Which Tech Company Does the NSA Use Most?

The Atlantic
Which Tech Company Does the NSA Use Most?
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Which Tech Company Does the NSA Use Most?

Of the nine companies supposedly working with the government on PRISM, six and a half — Yahoo, Facebook, Microsoft (which may or may not include Skype), Apple, and Google/YouTube (sort of) — have disclosed the number of government requests they get including the secret FISA court ones, giving us an idea of which tech company the government turns to most often. Only AOL and PalTalk have stayed mum. Of course, the numbers, only give us part of the story. The government deal required that the techies report a lump figure of all government requests — both FISA and otherwise. Because of that stipulation, Google has refused to participate — so we only know the non-FISA numbers from its annual transparency report. It's not ideal, but we are starting to get an idea of how much data the government asks of these organizations. 

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Most Total Requests

Below you can see a chart of the total requests over the six month period ending December 31, 2012 — besides for Google, which gives an annual report and does not include FISA orders. By shear numbers alone, the government asks the most of Microsoft, which makes sense considering an earlier report delineating the cozy relationship between the two, in which Microsoft lets the feds exploit its bugs against foreign governments. With FISA requests the Google number would shoot up, though it's unclear how much.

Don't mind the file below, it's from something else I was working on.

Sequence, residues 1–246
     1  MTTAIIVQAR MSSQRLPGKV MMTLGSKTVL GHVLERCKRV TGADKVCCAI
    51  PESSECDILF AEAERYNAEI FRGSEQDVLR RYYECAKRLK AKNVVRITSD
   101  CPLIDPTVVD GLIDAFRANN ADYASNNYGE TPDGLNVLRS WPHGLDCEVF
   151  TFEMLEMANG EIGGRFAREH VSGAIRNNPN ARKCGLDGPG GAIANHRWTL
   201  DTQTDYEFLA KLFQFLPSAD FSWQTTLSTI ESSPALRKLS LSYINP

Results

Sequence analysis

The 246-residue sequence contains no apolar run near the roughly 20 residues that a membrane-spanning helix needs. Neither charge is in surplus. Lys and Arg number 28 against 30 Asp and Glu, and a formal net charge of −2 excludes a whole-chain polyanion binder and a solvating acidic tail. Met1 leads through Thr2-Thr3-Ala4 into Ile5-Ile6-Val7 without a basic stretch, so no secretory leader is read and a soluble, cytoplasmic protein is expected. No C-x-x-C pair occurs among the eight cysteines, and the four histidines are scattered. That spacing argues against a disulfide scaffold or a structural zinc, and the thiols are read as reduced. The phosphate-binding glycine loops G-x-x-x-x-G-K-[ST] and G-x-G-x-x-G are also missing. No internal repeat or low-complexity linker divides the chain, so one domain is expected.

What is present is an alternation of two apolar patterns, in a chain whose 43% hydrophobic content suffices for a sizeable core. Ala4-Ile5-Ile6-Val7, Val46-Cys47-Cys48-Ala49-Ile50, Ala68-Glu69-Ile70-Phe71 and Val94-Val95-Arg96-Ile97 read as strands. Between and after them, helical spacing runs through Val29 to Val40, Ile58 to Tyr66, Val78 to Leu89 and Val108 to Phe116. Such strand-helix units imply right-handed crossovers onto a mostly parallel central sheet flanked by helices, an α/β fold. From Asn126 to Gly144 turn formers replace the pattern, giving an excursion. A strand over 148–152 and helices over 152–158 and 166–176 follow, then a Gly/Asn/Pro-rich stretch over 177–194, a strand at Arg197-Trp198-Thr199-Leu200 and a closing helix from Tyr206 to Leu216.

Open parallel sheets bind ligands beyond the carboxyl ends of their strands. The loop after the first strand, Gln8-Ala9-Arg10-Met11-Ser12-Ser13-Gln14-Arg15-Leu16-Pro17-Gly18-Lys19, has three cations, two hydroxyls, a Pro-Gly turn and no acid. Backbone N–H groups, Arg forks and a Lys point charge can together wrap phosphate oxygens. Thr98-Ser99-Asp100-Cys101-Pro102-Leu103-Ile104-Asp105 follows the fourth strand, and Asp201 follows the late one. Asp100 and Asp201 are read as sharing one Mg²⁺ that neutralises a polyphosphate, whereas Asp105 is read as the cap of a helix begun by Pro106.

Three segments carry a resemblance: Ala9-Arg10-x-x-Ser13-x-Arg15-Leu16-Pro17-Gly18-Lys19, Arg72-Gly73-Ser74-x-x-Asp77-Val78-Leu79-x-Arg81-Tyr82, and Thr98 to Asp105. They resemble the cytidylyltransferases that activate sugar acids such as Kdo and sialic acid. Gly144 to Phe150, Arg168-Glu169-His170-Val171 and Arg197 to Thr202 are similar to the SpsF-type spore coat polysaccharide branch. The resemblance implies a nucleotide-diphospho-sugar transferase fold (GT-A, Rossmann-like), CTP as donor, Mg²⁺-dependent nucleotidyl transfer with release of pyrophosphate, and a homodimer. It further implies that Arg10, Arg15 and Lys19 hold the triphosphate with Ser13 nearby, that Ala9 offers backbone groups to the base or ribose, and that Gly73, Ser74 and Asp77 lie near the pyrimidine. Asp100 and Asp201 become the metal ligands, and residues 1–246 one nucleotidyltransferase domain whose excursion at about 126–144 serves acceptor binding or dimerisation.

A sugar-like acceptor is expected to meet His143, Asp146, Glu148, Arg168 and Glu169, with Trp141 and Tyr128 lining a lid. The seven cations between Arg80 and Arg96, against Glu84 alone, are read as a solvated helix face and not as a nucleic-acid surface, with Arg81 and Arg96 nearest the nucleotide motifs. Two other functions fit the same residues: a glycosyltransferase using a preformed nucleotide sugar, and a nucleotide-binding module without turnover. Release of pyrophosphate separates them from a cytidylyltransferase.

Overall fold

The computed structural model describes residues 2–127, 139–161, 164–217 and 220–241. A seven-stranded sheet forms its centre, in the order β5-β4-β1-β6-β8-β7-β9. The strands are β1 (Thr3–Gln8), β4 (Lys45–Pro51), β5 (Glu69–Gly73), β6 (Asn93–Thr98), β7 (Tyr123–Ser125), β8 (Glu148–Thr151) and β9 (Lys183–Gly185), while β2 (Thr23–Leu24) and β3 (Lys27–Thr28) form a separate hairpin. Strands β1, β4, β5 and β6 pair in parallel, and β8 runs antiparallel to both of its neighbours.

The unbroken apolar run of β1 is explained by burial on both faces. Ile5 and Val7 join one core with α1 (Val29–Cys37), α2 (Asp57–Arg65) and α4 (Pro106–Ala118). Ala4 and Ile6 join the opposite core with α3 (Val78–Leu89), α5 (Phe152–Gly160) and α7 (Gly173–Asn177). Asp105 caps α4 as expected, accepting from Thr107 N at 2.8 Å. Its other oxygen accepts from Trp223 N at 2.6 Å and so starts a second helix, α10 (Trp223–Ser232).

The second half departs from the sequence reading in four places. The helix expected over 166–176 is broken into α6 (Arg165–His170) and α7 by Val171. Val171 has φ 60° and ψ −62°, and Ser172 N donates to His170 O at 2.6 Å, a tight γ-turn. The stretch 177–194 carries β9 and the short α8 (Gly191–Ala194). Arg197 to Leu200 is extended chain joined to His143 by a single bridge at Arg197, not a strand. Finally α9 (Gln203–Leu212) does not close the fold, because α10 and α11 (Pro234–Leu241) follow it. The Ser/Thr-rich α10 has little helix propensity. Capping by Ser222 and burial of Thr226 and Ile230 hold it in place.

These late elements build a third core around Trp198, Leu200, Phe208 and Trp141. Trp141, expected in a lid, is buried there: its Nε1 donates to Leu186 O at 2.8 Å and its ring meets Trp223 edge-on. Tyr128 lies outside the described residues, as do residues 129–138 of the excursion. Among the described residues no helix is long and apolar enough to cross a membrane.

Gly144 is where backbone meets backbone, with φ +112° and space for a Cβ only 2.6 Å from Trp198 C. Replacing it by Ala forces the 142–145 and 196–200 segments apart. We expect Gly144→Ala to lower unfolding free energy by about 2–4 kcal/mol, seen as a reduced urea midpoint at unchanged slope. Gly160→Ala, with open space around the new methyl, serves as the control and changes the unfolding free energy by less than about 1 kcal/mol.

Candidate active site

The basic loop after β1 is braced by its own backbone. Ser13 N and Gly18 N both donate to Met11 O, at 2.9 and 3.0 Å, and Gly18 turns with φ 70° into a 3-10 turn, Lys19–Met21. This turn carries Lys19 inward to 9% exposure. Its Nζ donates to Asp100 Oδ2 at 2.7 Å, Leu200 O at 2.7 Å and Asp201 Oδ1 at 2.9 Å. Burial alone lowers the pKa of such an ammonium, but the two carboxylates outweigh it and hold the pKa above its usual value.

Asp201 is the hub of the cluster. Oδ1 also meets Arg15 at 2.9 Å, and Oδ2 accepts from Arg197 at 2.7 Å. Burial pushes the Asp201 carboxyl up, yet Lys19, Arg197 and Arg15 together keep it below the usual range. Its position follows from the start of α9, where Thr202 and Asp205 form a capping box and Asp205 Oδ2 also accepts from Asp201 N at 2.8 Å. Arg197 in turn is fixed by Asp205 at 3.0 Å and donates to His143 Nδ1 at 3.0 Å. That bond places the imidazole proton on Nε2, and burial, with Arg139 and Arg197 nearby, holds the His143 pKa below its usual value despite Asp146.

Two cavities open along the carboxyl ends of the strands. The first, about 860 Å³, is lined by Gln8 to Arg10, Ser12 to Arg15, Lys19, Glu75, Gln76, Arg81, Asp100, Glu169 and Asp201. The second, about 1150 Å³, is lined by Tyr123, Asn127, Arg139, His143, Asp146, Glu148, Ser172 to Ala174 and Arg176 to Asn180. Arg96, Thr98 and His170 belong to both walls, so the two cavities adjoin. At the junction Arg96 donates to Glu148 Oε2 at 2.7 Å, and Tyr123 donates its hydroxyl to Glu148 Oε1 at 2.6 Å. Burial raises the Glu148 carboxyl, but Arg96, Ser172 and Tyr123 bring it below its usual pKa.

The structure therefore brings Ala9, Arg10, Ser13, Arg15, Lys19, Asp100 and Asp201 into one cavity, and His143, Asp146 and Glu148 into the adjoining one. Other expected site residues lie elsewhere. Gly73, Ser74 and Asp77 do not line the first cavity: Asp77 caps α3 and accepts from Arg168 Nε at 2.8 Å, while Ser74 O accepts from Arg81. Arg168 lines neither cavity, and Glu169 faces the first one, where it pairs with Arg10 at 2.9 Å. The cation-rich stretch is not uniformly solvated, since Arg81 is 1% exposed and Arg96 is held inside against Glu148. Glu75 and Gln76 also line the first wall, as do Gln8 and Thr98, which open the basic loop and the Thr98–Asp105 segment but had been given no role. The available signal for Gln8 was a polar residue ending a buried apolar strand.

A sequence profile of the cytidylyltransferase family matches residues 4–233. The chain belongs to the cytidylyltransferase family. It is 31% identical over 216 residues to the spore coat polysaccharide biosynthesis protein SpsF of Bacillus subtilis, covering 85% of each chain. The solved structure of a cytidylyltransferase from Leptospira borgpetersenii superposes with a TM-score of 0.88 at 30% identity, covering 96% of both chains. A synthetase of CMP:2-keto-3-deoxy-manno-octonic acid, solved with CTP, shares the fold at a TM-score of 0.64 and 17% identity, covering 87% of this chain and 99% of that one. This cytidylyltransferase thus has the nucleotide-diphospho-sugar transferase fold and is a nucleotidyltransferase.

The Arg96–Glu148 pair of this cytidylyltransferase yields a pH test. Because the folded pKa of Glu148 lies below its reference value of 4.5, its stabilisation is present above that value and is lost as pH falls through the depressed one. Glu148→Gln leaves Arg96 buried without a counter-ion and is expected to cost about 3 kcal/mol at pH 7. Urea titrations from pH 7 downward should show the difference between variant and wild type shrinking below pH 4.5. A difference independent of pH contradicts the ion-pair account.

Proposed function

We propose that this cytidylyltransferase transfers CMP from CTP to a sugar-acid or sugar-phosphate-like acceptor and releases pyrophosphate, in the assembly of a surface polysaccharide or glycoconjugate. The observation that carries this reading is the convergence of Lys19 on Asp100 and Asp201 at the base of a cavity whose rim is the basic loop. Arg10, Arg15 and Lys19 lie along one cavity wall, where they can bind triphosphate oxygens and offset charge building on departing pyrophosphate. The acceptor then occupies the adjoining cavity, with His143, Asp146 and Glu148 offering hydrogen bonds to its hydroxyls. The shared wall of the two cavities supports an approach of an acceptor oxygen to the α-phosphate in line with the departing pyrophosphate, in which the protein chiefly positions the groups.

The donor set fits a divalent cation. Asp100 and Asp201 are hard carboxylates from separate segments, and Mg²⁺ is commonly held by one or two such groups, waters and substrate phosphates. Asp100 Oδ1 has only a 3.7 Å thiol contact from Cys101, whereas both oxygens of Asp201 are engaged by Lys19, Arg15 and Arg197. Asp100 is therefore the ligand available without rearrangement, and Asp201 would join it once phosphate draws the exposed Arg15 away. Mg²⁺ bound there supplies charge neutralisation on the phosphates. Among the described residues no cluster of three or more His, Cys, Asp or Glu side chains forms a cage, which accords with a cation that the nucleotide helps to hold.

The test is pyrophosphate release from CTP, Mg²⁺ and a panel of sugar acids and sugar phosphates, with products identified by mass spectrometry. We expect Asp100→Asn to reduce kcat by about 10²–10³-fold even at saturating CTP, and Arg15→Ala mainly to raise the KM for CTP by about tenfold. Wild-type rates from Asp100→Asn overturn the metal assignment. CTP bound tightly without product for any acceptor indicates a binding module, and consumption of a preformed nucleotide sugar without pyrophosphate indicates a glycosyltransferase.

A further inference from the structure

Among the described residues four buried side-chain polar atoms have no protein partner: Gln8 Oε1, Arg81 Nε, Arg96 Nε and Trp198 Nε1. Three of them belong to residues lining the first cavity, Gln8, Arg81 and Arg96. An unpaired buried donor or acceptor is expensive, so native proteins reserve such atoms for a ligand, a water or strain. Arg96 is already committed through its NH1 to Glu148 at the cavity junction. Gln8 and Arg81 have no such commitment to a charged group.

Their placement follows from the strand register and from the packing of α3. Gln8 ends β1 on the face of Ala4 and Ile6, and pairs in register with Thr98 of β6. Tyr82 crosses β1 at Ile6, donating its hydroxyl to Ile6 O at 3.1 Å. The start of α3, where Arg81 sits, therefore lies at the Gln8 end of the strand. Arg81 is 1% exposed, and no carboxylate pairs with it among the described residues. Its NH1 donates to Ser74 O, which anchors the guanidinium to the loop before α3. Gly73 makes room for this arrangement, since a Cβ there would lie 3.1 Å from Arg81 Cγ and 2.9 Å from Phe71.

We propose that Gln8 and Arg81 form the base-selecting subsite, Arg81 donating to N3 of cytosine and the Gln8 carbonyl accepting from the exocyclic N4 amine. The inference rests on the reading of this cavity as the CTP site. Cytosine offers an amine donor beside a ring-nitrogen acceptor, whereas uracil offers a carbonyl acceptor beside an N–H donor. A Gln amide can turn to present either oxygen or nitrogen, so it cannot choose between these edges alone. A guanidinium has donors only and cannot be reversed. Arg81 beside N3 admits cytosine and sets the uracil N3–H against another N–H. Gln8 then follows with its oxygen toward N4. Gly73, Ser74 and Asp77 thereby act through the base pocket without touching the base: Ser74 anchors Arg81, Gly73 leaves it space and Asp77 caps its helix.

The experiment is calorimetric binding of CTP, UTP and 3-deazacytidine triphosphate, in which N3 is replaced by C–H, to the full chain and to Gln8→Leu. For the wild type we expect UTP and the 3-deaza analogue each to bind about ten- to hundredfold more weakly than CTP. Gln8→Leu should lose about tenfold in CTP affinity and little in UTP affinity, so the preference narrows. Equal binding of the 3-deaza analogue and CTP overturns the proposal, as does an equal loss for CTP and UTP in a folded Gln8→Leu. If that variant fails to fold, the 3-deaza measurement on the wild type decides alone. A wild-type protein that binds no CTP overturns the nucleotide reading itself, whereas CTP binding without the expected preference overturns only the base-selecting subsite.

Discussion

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Most Requests Per Users

It's hard to define what a user means for certain tech companies. If you use Google search do you count as a Google user? Since, presumably, the government wants to connect data to actual people, a user would have to have some sort of identity or account attached to the site to be useful. Other than Facebook, which proudly announces its 1 billion users, other tech companies have all different types of user numbers floating around for various services. Yahoo, for example, has an email service, Flickr, and Yahoo answers among other things. Using email and other prominent user accounts — like iTunes and iCloud for Apple — we've calculated a rough estimate of the percent of users the requests affect. 

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For Microsoft, we presumed that also meant Skype requests, another one of the companies involved in PRISM, pre the original Washington Post scoop. But, again, the huge tech giant, which happens to provide a popular corporate email service is asked to give up the most per its user base. That Google number would likely be up there, too, if it included FISA requests. 

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